Biographies of Concepts in the Human and Social Sciences

Poster image for the Biographies symposium
Thursday, Mar 19, 2015 to Friday, Mar 20, 2015
Geballe Room, 220 Stephens Hall
Center for Science, Technology, Medicine & Society, 460 Stephens Hall
United States

This two-day symposium brings together international scholars to explore the history of concepts in the humanities and social sciences. The focus is on the emergence, migration, dissemination, and disappearance of concepts, ultimately aiming at a theory of what might be called the “death” and “afterlife” of concepts. Ever since the seminal work of Gaston Bachelard and Georges Canguilhem, the history of concepts has played an important role for a critical history of rationality and history of science at large. Path-breaking studies on concepts like probability and objectivity have not only refined the methodological framework within historical epistemology but shown the importance of such an approach. The focus on the relation between language and intellectual practices has been accompanied by a novel understanding of knowledge-production in the respective fields. We will discuss the potential of this approach for the history of the human and social sciences.

This event is free and open to the public however please register by sending an email to to gain access to the pre-circulated papers.

Co-sponsored by the Austria-Berkeley fund of the Marshall Plan Foundation, the Doreen B. Townsend Center for the Humanities, the Center for Science, Technology, Medicine and Society, and the Departments of Anthropology and Rhetoric.



9:00 am - 9:30 am

Mario Wimmer (Berkeley), "Writing histories of concepts"

9:30 am -10:30 am

Hélène Mialet (Davis), "The History and Limits of the Actor-Network Concept"

Respondent: Mario Biagioli

11:00 am -12:00 pm

Benjamin Wurgaft (Cambridge, MA), "A Meditation on Canguilhem’s Concept of the Cell: Vitality in and out of Cartesian Vats
Respondent: Jonathan Sheehan

12:00 pm - 1:00 pm


1:00 pm - 2:00 pm

Galina Durinova (Moscow), “Obshestvo: birth, life and death of Russian concept of society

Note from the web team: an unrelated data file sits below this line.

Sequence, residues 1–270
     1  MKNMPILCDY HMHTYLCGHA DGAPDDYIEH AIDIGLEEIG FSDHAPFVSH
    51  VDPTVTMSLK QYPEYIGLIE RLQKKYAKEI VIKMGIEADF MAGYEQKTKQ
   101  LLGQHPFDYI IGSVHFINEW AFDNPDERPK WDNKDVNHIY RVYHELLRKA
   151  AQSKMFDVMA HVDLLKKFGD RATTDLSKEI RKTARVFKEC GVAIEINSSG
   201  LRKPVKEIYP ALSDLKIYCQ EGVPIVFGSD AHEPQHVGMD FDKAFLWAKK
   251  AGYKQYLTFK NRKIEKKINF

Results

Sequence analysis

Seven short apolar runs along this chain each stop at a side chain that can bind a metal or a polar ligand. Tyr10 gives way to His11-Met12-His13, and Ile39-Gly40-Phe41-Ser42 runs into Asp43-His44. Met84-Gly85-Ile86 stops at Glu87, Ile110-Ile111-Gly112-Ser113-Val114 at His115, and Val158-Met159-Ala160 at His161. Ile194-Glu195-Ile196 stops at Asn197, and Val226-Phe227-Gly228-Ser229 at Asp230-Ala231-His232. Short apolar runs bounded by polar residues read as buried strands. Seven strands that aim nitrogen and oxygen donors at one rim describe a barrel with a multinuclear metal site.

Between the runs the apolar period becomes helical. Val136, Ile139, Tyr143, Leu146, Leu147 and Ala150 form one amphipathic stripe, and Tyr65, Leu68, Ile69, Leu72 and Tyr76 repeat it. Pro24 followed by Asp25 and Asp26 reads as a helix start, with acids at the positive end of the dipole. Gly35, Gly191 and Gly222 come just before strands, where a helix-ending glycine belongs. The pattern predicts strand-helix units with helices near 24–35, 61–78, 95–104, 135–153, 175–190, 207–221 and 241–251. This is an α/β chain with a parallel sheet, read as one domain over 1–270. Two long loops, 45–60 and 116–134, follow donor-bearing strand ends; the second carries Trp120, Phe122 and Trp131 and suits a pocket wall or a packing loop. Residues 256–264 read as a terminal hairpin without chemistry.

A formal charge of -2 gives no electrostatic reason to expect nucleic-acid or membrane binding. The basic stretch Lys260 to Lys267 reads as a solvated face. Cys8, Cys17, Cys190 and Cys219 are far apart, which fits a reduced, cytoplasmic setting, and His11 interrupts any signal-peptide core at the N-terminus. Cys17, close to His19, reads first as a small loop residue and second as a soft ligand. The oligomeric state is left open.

Respondent: Alexei Yurchak

2:00 pm - 3:00 pm

Niklas Olsen (Copenhagen), "The Concept of the Consumer in Neoliberal Political Thought
Respondent: Christian Geulen

3:00 pm - 3:30 pm


Please note: the venue changes in the afternoon to the CSTMS library, 460 Stephens Hall

3:30 pm - 4:30 pm

Harm Kaal/Wim de Jong (Nijmwegen/Amsterdam), "Conceptions of Class. The Interaction Between Scientific and Political Languages of Class in the Netherlands, c. 1930s-1980s"

Respondent: Mario Wimmer

4:30 pm - 5:30 pm

Marie Burks (Cambridge, MA), "Thinking Through “Conflict”: Defining a Social Scientific Concept in Cold War America
Respondent: David Bates

6:00 pm - 7:30 pm

Lecture: Paul Rabinow (Berkeley), What is a Case?: Concepts and Practices
Introduction by Mario Wimmer


Friday, March 20

9:00 am - 10:00 am

Eric Schatzberg (Wisconsin), "From Technologie to Technology: Death and Rebirth of a Keyword
Respondent: Cathryn Carson

10:00 am - 11:00 am

Carl Marklund (Södertörn), "The Ghost of the Engineer: Birth, Death and Strange Afterlife of “Social Engineering” in Western Political and Social Theory"

Respondent: Christian Fleck

11:00 am - 11:30 am


11:30 am - 12:30 pm

Neus Rotger (Barcelona), "Historicizing Romance"
Respondent: Anthony J. Cascardi

12:30 pm - 1:30 pm


1:30 pm - 2:30 pm

Lisa Reade (Berkeley), "Metaphor as Orientation: Kant, Blumenberg, Ricoeur"
Respondent: A. Aloisia Moser

2:30 pm - 3:30 pm

Henning Trüper (Berlin/Paris), "Future Philology and Behind Philology: Ruminations on a Nineteenth-Century German Concept"
Respondent: Niklaus Largier

3:30 pm - 4:00 pm


4:00 pm - 5:00 pm

Simon Taylor (Chicago), "From Kierkegaard to Klonopin, or, Toward a Conceptual History of Anxiety
Respondent: Thomas Laqueur

5:15 pm - 6:00 pm

Final discussion